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A “true” story about mathematical reasoning made easy

journal contribution
posted on 2017-01-01, 00:00 authored by Leicha Bragg, Sandra Herbert
Mathematical reasoning is one of the four proficiencies emphasised in the Australian Curriculum: Mathematics (AC:M) where it is described as: “[the] capacity for logical thought and actions, such as analysing, proving, evaluating, explaining, inferring, justifying and generalising’ (Australian Curriculum, Assessment and Reporting Authority [ACARA], 2017, p. 5); and more recently is spearheading efforts to reform mathematics teaching (Herbert & Bragg, 2017). Reasoning is essential for students to make sense of mathematics (Kilpatrick, Swafford, & Findell, 2001) and described as “the glue that holds everything together, the lodestar that guides learning. One uses it to navigate through the many facts, procedures, concepts, and solution methods and to see that they all fit together in some way, that they make sense” (p. 129). However, previous research has shown that many teachers emphasise explaining, and yet neglect other reasoning actions such as justifying and generalising (Clarke, Clarke, & Sullivan, 2012). Similarly, Loong, Vale, Herbert, Bragg, & Widjaja (2017) reported that many of the primary teachers engaged in their Mathematical Reasoning Professional Learning Research Program possessed a limited understanding of mathematical reasoning and its teaching prior to observing and discussing demonstration lessons focussed explicitly on reasoning. Despite the emphasis on reasoning in the AC:M, little is known about teachers’ choice of tasks intended to extend the reasoning capabilities of their students.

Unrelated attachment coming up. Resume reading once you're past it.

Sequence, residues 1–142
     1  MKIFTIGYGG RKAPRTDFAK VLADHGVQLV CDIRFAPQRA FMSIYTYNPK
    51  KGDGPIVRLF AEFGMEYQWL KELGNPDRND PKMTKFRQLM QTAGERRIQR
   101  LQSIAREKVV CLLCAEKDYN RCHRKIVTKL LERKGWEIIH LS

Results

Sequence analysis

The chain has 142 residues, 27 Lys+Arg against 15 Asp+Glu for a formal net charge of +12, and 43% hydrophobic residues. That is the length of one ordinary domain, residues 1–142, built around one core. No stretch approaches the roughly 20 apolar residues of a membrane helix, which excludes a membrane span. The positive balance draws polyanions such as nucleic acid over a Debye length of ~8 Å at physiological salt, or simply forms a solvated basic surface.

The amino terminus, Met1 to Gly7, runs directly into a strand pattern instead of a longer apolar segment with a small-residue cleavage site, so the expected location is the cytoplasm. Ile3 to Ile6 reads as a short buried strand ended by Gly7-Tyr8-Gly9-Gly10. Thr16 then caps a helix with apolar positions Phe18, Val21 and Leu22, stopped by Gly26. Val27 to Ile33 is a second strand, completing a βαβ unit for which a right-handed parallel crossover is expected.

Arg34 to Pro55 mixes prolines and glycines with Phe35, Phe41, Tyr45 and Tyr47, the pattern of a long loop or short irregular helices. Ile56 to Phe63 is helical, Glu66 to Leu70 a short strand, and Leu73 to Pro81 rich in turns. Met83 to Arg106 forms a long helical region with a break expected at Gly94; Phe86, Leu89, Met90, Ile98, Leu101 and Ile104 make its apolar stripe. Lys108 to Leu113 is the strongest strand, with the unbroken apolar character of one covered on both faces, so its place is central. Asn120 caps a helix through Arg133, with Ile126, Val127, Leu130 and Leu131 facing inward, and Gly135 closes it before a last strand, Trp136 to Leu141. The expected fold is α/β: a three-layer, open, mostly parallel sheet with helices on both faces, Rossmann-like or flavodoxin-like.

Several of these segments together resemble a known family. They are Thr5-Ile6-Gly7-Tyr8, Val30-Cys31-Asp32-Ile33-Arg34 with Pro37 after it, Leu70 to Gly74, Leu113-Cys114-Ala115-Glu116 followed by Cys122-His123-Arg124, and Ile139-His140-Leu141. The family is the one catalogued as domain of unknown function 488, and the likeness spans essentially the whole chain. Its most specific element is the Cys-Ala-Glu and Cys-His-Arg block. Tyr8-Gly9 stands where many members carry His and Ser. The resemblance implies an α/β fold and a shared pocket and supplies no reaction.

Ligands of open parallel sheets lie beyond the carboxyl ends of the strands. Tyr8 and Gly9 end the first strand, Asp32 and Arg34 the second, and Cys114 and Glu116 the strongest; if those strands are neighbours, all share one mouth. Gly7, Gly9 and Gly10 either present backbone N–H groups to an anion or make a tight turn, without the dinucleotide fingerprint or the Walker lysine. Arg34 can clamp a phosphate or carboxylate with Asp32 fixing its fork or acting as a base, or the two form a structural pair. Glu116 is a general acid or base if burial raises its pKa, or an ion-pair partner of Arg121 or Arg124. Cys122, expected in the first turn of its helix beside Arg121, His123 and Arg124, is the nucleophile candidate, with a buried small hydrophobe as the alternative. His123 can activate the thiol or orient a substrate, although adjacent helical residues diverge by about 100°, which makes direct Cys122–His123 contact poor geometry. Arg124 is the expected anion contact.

History

Journal

Australian primary mathematics classroom

Volume

22

Issue

4

Pagination

3 - 6

Publisher

Australian Association of Mathematics Teachers

Location

Adelaide, S. Aust.

ISSN

1326-0286

Language

eng

Publication classification

C1 Refereed article in a scholarly journal

Copyright notice

2017, Australian Association of Mathematics Teachers

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